The precision farming market was valued at USD 5.1 billion in 2018 and is projected to reach USD 9.5 billion by 2023, at a CAGR of 13% between 2018 and 2023.
What opportunities will the integration of smartphones with Internet of Things (IoT) devices and software applications present to the market for precision farming?
Smartphone is among the most widely used technological inventions in history, and with the availability of multiple user-friendly farming applications (apps), smartphones are becoming powerful, easy-to-carry tools for farmers. Smartphone apps provide a wide range of farming-related information and are mostly inexpensive. These apps effectively disseminate the latest technological know-how of farming, helping farmers make informed and smart decisions.
Farmers can consult smartphone apps for precise information on climate, weather, etc., which help them in planning planting and harvesting cycles. Smartphones could also be used for sample collection, aerial imaging, and record-keeping (a task recommended by experts). Some farming apps can load field information and then grid it acre-wise.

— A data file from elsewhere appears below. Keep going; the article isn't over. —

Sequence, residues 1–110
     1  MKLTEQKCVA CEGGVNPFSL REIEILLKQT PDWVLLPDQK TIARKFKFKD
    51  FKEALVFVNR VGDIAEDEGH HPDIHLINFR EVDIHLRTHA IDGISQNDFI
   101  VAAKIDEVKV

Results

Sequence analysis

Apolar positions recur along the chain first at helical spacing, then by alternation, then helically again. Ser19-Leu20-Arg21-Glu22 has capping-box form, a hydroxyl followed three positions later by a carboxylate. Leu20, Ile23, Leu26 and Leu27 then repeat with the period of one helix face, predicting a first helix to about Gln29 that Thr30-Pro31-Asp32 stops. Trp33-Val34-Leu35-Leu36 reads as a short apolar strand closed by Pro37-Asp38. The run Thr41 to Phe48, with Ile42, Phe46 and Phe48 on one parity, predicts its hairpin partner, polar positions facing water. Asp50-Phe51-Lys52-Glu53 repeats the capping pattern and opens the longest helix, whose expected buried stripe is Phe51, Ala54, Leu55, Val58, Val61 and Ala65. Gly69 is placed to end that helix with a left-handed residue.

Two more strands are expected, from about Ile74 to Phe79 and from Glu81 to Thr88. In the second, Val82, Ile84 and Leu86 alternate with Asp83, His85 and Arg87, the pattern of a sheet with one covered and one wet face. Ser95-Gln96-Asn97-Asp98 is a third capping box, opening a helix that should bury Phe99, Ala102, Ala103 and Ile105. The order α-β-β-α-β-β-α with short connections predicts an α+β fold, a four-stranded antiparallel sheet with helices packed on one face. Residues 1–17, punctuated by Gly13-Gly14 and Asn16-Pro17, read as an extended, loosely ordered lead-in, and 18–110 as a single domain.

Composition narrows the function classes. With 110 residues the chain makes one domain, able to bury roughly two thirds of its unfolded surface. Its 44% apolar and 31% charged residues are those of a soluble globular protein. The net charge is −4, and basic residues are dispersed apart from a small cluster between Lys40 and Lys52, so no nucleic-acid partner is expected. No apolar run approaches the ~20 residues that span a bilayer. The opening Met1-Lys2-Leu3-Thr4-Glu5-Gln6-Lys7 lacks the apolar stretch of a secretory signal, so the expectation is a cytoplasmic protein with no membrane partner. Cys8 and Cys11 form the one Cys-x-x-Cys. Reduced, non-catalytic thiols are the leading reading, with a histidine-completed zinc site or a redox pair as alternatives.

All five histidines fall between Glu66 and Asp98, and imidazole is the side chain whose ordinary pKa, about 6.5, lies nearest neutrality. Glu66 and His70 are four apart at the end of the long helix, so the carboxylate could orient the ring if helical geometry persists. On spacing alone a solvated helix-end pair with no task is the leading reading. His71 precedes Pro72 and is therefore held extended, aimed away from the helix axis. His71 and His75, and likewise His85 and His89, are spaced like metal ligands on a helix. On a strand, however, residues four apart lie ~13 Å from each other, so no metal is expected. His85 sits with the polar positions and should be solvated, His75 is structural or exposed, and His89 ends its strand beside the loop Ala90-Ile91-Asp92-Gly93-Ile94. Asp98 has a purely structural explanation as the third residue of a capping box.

Smartphones also help small-scale farmers connect with customers and agents who were previously unreachable. According to Farm Journal Media’s survey conducted in February 2015, 87% of farmers were already using smartphones and tablet computers. Smartphone usage by farmers has been steadily growing since 2009 and is expected to grow further in the coming years.
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How does the management of data prove to be a challenge for the precision farming market?
Management of data is a major challenge for the growth of the precision farming market. Precision farming regularly produces high volumes of important data pertaining to mapping, variable rate seeding, soil testing, yield monitoring, and historical crop rotation. This data must be stored and managed properly as successful precision farming relies entirely on it for assessing farm conditions. Data management is key to making smart farm-management decisions and improving farm operations.
Data is collected in raw format, processed by context, relevance, and priority, and it is then presented in a manner that can be used to make decisions. A major challenge faced by farmers is managing this data—which requires expertise and knowledge. Also, many users of precision farming do not know how to analyze their precision data. The adoption rate of precision farming could be boosted by providing easy data-management solutions to farmers. However, to utilize it better, efforts should also be made to standardize the data format of precision agriculture processes.
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